By Elizabeth Schulte | October 25, 2002 | Page 4
WITHIN HOURS of the horrific bombings in a resort town on the Indonesian island of Bali, the U.S. government was sending a message: Join our "war on terrorism," or suffer the consequences.
"Together, we will fight terror so as to keep the peace and to make the world more free," George W. Bush said in a videotaped message to the government of Australia, which accounted for half of the nearly 200 casualties. But the new anti-terrorism laws pushed through by the Indonesian government will do anything but make the country "more free."
"Police can detain anyone strongly suspected of acts of terrorism based on initial evidence for as long as seven days," reads the emergency decree enacted by President Megawati Sukarnoputri. "Any person found intentionally using violence or a threat of violence that would create terror or unrest among the masses faces the death penalty."
Likewise, in the Philippines, government officials are using the Bali attacks and recent blasts in Zamboanga City and Manila to push through draconian "anti-terrorism" legislation. The bills would set up a national identification system and allow for arrests without warrants and further restrictions on democratic rights.
These expanded police powers are straight out of the 32-year dictatorship of Gen. Suharto, who was overthrown in a mass uprising in 1998. Megawati was a well-known opposition figure under Suharto, and she was elected first vice president and then president after his overthrow. But Megawati has cut deals with many of the same military figures that called the shots under the dictatorship.
And the big unasked question now about the bombings in Bali is what role the military played. Investigators believe that the bombers used C-4 plastic explosives--a sophisticated weapon that only the army's special forces units typically have access to in Indonesia.
After Suharto's overthrow, Indonesia's generals encouraged the rise of Islamist groups to counter political radicalization in the cities and the upsurge of independence movements throughout the country.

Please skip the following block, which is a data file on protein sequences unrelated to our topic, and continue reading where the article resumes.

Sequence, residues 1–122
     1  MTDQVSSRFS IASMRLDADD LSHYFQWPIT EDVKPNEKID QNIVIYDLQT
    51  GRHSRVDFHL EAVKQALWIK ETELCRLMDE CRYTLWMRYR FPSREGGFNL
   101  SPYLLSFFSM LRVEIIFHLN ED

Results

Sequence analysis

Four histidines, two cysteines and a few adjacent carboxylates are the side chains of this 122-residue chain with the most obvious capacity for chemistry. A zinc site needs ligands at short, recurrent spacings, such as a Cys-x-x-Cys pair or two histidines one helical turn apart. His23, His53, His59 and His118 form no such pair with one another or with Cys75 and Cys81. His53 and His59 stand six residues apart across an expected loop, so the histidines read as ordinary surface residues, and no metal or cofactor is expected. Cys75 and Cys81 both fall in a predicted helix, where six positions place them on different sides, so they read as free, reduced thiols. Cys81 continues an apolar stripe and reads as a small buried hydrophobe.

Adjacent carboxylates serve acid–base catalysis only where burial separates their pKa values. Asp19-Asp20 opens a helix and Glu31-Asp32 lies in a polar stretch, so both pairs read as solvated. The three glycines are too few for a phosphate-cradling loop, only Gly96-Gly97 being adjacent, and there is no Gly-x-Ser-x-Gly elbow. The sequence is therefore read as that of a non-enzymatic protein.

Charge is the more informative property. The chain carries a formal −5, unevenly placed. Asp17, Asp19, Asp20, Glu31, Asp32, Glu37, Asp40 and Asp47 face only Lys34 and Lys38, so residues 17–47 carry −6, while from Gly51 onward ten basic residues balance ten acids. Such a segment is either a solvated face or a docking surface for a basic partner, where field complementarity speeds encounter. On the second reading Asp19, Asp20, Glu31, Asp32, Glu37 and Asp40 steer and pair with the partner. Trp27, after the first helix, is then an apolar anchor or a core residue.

"If you scratch below the surface of any radical Islamic group in Indonesia, you will find the hand of the military at work," Sidney Jones, head of the Indonesian office of the International Crisis Group, told Britain's Guardian newspaper. "And with many of them, you don't really have to go beneath the surface."
Under pressure from Washington, Indonesian police arrested 64-year-old Islamic cleric Abu Bakar Bashir, leader of the radical Muslim group Jemaah Islamiyah, while he was in the hospital for cardiac and breathing problems. The U.S. is painting Jemaah Islamiyah as the main ally of the al-Qaeda network in Southeast Asia. But Bashir is known to have close ties to leading figures in Indonesia's military and police.
If whatever group is behind the bombings turns out to have a connection to the generals, then the U.S. government will bear responsibility for the nightmare in Bali. Washington has been re-establishing its connections to the military since Suharto's downfall--and opening the pipeline of arms and training that turned Indonesia's army into one of the most brutal human rights abusers in the world.
But don't expect the Bush gang to have second thoughts. They plan to use the attacks in Bali to expand their "war on terror"--no matter what the cost to ordinary people in Indonesia, the Philippines or anywhere else.